Run more VTA busses to OB or use a free shuttle option , that may be less expensive than rushing repairs. Have shuttles from VH as a complimentary service back and forth to Oak Bluffs . Leverage bike shops to run tours up and down that stretch. It’s not that hard to get from vh to OB. Contract Out … maybe a smaller boat line or charter boat to OB at a higher price ?

    Instead of trying to force these essential repairs now at this very late date and under the current situation with COVID and the financial strain on the SSA.

    Do things the right way using wisdom and discernment , not a rush to satisfy tourism.

    It’s as if nothing has been learned here. Doesn’t anyone see ?

    Is there a way to legally obtain records ? The planning for all of this including the potential for a Global pandemic needed to happen well before this time. It’s past time to use a process to get the records. And I would ask that moving forward the committee request a hiring of a pandemic disaster preparedness specialist be a regular employee of the SSA to be hired to run scenarios , build relationships with vendors and contractors , budget plans “in the event of “ , report regularly to the board and submit updates and be reasonable for communicating with Government and be a prose and current on potential issues that impact health or security that can impact boats and providing essential goods and transportation to and from in the event of a pandemic or other emergency or event . This should have been done years ago. This persons only job is to run scenarios , stay current and ahead of possible events , plan and report regularly , prepare and communicate with regard only to preparedness and planning so we never run into this statistic again and it’s not over. This was a minor pandemic compared to reports over the years by Government of what the potential for an even more devastating event. Rather than blow it off , it’s time to prepare , hopefully it doesn’t happen but our own leadership says it will and will be worse than this. So best to prepare and nothing happen then not prepare and face worse devastation. I would be less concerned over day trippers and more concerned with reality of the world in its current state.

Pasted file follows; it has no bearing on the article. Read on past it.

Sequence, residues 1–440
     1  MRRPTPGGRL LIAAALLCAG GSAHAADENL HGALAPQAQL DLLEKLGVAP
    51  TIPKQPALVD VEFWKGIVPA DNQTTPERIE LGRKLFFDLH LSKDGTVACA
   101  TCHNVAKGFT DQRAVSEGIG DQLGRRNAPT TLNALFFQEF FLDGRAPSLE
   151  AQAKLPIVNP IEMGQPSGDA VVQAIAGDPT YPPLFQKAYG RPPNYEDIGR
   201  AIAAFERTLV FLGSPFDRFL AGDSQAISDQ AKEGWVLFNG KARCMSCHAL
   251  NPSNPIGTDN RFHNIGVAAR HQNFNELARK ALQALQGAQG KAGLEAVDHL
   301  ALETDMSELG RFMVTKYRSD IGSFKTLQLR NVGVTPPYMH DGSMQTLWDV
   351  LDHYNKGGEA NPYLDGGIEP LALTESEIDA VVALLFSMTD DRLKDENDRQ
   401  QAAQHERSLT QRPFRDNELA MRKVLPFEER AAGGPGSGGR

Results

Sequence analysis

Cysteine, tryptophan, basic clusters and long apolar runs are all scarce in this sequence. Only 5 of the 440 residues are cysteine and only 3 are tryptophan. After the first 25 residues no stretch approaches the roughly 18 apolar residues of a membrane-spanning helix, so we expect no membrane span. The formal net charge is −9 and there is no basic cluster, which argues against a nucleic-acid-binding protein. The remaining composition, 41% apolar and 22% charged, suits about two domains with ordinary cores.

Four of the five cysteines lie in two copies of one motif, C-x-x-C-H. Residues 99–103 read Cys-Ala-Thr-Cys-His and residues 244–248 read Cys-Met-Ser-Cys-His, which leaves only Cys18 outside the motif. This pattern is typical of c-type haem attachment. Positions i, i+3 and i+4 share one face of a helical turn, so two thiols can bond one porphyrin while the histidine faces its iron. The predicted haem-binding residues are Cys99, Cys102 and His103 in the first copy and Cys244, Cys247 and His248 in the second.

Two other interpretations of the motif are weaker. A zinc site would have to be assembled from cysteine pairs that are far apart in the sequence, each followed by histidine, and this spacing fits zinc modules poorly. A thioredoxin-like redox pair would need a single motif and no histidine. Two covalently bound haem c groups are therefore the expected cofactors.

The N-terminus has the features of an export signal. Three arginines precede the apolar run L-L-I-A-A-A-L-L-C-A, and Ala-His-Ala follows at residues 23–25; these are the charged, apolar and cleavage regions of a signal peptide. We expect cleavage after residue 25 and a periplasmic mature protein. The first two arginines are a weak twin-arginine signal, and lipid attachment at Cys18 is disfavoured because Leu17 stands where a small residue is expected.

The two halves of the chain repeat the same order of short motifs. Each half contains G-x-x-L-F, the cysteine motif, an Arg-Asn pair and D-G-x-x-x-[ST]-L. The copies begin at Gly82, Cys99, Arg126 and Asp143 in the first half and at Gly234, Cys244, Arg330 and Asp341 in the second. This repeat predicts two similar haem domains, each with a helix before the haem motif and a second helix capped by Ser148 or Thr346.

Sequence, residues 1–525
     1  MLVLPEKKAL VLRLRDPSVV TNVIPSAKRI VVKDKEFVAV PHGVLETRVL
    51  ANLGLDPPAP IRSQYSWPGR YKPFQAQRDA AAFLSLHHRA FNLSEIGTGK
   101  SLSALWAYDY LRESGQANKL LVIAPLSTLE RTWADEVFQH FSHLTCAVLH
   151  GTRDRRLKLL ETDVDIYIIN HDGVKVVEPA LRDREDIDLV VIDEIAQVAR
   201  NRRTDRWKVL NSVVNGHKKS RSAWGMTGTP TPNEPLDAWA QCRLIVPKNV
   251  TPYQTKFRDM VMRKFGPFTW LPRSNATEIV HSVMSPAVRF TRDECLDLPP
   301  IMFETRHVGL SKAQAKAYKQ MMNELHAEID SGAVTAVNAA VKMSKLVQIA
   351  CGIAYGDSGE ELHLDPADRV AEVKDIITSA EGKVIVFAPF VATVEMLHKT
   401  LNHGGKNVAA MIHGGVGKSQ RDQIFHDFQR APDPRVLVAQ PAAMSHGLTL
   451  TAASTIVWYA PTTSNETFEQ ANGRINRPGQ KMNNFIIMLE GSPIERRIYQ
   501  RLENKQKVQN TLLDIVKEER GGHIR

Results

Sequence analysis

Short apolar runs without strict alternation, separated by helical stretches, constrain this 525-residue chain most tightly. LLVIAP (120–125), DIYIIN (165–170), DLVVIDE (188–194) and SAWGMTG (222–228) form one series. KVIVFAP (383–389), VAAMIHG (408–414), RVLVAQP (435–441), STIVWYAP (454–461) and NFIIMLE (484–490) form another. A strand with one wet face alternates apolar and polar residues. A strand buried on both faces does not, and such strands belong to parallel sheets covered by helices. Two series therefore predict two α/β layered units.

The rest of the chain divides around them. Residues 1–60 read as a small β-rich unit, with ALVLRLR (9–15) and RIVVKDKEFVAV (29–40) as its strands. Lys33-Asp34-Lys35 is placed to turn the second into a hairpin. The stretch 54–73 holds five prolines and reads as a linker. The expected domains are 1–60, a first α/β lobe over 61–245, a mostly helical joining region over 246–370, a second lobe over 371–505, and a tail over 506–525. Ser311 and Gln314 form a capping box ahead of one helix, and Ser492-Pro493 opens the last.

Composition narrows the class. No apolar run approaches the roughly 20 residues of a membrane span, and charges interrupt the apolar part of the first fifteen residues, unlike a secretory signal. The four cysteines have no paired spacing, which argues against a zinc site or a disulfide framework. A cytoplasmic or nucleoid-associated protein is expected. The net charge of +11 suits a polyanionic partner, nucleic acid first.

At this juncture , get the records in any way they need to NOW and solve these issues. There needs to be a sense of urgency here. Ask and ask and ask and still no results , well it’s mid May! How many more times should we ask? Use a process to force the hand and get the records.

    I am really concerned that we are discussing day trippers coming here as if this has not not happened.

    Social distancing or not it’s not going to work , we are in trouble on the island:( …. this is not good.

    If I had a business that was mainly supported by tourism , I would be reconfiguring how to reinvent my business or create a more year around sustainable livelihood. Try to get by for now and plan ahead for change.

    We are going to get hit and by acting “as if” things will be “normal” and we won’t be impacted in potentially devastating way is naive.

    Having one boat running might be more of a blessing then we think, if lives and the health and safety of the community is at stake.

    If there was negligent leadership then they need to be held accountable at some juncture but right now everyone has to focus on solving the issues at hand and I am sure there are procedures to address this right ?

    Ways to override or interject accountability to get results ?
    Right now rather than go after anyone what is the actual solution? To keep the community safe , maintain essential transportation off and on island for year around residents and a steady flow of essential goods to the island for health and safety? NOT satisfy tourism …getting food and goods essential to health and safety for the community.

    Day trippers are not a priority unless your business is at stake , which I do understand , no one wants to see anyone suffer financially and lose their livelihood.

    However at the same time how far are we willing to go to save everything ? Lives versus business ?

    Safety should be the number one priority.

    Florida was a good example they tried to open things up and crowds flooded parks and beaches and they tried to police it but could not and closed up again public green spaces and beaches.

    How is this going to be managed ?

    Our schools are closed ! People had to shelter in place , Business year around shut down that serve a year around population. I would say this is pretty major. I honestly do not think day tourism should be a priority , but at the same time can understand for the many business owners facing closure or losses 🙁 it’s a tough situation for everyone 🙁

    Maybe it’s time to re think how everything is operated.

    Maybe it’s time to re-imagine a world without seasonal income , a new way of doing business, maybe reinventing a more sustainable year around model ?

    To offset the losses and save businesses?

    Anyhow , the best off luck to those trying to address many complex issues right now …
    I do not envy you.

    I hope and pray for our community, our safety and well being and that all who are taking major hits financially recover and flourish.

  5. Elaiacona, not sure what the person you ran into is talking about…there are plenty of reservations available off the island virtually every day. What’s their point anyway? That so many people are flocking to leave the island?